If you receive a CCB notice, do not ignore it. If you ignore it and do nothing, the claimant may demonstrate you have been provided sufficient notice and the case may proceed in the CCB where a default judgment could be entered against you. This means that the CCB can enter a judgment holding you responsible for all the damages claimed in the notice (up to $30,000), regardless of whether the assertions are true or whether you could have defenses to the claims. The claimant would submit relevant evidence and other information in support of the claim and any asserted damages, and then the CCB will evaluate the evidence and determine whether the materials provided are sufficient to support a determination in the claimant’s favor—all without your ability to participate and refute the claims.
To avoid a default judgment, you will need to respond within sixty (60) days of service. You can choose to respond in one of two ways:
- Proceed within the CCB tribunal. If you proceed, the case will be heard by the CCB. The CCB predicts that most cases will be handled completely online, so you will not need to travel to Washington D.C. (where the U.S. Copyright Office is physically located). If the claimant wins, you may have to pay up to $15,000 for each infringed work, with a maximum cap of $30,000. CCB determinations are final and legally binding. There are only limited circumstances—such as fraud, corruption, and misrepresentation—when a CCB determination can be reviewed by a federal court or the Copyright Office. By proceeding within the CCB, you also have the option to file a claim seeking a declaration of noninfringement. This could be useful if you are worried about continuing a project under the threat of litigation and want clarity about the validity of the copyright owner’s rights or the application of an exception. You would then need to file a statement in response to the claim, explaining why you contend you have not infringed the claimant’s copyright and asserting any additional defenses and counterclaims. This should be done within the eCCB system.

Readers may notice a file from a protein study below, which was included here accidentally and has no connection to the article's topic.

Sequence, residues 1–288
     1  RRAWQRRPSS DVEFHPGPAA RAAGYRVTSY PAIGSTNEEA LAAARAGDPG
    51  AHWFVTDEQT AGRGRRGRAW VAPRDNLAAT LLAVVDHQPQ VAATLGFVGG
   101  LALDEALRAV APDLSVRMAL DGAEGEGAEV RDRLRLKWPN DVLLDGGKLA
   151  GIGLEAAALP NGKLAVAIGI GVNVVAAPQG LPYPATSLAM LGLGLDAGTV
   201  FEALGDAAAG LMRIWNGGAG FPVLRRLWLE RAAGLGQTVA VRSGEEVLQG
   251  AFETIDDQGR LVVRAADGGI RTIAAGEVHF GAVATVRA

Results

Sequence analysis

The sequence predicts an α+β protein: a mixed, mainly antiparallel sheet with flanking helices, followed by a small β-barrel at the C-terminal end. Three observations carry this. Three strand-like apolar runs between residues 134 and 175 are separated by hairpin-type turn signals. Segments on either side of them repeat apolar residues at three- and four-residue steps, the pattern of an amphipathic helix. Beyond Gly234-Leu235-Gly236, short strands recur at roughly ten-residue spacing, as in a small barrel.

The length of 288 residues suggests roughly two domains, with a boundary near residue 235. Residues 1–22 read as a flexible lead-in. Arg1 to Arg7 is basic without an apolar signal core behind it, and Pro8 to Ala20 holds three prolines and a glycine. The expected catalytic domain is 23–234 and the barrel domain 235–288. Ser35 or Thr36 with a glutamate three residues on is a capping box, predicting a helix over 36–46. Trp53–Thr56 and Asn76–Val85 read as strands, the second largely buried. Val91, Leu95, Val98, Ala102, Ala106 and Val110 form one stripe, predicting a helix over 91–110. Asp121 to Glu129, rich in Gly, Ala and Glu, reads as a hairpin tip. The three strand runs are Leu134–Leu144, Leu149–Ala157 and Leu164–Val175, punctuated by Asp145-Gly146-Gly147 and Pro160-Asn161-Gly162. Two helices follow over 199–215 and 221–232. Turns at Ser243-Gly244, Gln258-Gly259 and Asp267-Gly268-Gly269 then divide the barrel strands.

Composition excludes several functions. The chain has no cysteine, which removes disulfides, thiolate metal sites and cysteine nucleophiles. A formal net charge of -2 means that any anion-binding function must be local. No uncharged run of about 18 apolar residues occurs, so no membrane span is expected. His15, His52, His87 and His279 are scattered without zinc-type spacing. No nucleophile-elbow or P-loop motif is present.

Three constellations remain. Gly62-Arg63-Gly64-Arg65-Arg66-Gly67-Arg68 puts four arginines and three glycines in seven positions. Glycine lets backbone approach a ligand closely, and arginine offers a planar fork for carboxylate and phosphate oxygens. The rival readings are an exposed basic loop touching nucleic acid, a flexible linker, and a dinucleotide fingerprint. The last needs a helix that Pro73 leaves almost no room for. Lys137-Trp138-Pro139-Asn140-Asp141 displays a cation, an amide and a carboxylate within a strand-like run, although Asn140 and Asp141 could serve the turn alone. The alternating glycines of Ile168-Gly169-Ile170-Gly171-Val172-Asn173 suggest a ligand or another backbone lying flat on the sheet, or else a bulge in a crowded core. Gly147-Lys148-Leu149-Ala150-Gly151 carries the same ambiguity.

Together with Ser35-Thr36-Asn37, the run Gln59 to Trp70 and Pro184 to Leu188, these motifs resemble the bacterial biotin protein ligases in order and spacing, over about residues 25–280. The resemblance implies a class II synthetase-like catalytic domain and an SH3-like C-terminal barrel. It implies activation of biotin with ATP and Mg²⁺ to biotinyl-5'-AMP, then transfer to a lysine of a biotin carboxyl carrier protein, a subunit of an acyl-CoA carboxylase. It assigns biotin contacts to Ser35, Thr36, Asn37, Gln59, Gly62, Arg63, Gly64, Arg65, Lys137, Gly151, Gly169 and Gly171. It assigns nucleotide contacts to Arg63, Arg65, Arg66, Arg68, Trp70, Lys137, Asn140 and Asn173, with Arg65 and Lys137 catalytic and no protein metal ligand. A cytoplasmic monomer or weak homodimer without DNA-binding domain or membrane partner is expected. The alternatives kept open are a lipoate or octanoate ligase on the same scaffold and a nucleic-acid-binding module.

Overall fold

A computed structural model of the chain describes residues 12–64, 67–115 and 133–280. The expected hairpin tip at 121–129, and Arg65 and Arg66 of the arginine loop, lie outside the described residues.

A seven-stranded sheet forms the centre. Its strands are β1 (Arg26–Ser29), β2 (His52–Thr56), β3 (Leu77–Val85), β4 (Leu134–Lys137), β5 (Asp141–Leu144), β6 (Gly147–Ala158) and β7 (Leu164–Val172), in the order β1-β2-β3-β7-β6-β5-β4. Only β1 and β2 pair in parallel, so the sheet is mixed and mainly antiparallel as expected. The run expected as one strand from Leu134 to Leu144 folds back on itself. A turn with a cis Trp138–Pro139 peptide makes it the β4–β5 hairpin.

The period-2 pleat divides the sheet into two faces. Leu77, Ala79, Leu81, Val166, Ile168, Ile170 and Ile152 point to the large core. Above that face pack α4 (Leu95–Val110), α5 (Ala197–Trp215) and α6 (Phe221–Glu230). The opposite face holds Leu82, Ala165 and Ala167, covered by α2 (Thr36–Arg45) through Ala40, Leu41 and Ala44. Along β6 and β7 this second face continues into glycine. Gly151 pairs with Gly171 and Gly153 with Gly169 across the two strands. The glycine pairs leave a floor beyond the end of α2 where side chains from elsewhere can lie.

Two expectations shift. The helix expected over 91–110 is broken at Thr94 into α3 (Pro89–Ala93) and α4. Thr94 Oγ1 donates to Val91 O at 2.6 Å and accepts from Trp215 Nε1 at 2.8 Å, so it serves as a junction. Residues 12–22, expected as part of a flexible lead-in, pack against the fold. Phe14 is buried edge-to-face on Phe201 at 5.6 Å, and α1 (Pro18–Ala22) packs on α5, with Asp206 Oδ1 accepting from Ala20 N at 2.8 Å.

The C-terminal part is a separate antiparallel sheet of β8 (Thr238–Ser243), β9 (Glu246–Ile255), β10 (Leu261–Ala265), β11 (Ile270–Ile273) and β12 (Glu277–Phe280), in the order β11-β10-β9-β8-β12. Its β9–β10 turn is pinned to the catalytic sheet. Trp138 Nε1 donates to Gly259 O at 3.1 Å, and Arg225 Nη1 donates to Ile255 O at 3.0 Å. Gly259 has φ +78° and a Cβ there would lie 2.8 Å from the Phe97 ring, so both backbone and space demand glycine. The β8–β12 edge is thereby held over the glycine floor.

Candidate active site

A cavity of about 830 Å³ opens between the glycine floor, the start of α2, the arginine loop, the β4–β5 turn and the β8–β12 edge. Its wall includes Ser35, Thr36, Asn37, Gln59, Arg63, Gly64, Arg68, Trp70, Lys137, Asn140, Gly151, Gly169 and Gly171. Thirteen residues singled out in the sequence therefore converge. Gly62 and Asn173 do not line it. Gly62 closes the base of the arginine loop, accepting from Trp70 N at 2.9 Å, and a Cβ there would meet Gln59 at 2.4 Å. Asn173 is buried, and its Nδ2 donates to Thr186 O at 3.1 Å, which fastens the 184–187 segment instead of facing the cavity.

- Opt out of the CCB proceeding. If you opt out, the copyright claimant cannot restart the same claim against you in front of the CCB. So, if you opt out of the CCB, the claimant can either stop pursuing the matter entirely or decide to file suit against you in federal court (assuming they meet all of the federal court filing requirements). In other words, opting out of a CCB proceeding does not necessarily end the dispute between you and the claimant and does not affect either party’s legal rights. If a respondent opts out or the claim is dismissed, the claimant may still file in federal court. However, generally speaking, federal court is more expensive and the process is more complex than the CCB’s process, so many small claimants may not want to incur the expense or may feel that their allegations will not survive scrutiny in federal court. Also, Washington University employees likely have broader protections in federal court than in the CCB, so a timely opt-out may be a good option.
If you decide to opt out, you must complete and mail the paper opt-out form provided with your notice, or complete an online opt-out form on the CCB website within sixty (60) days of service. You do not need to provide a reason for opting out. Note that if you decide to opt out, your decision applies only in response to that particular claim you received. As an individual (as opposed to certain organizations), you cannot opt out prospectively from all future CCB claims.
A preemptive opt-out allowed to libraries and archives is not available to higher education institutions. Washington University faculty, staff, and students may receive CCB claims for work that they do in the course of their scholarship, teaching, learning, and employment, as well as in their personal endeavors. The question of whether someone’s work was done pursuant to employment might arise as a defense during CCB proceedings and might not constitute automatic disqualification from receiving the CCB notice, but WashU faculty, staff, and students can opt out after receiving a notice.